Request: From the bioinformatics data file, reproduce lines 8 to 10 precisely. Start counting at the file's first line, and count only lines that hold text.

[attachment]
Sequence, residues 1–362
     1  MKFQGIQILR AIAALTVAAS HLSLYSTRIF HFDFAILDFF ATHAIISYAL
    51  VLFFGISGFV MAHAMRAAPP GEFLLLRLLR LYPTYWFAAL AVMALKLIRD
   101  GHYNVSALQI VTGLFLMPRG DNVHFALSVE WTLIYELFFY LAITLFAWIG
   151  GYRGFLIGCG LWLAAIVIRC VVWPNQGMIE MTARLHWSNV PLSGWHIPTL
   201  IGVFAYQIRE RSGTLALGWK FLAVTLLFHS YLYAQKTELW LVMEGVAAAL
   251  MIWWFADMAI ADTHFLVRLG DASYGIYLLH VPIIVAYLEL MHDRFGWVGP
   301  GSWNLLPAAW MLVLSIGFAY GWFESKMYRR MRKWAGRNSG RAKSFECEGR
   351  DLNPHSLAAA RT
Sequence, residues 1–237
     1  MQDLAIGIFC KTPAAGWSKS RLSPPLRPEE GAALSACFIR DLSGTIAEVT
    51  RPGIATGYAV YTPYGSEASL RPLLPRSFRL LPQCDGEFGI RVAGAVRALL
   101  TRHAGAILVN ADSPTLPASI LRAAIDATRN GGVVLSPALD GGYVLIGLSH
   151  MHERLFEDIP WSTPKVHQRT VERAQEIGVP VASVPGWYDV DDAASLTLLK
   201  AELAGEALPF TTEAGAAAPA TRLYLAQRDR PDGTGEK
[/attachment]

   301  GSWNLLPAAW MLVLSIGFAY GWFESKMYRR MRKWAGRNSG RAKSFECEGR
   351  DLNPHSLAAA RT
Sequence, residues 1–237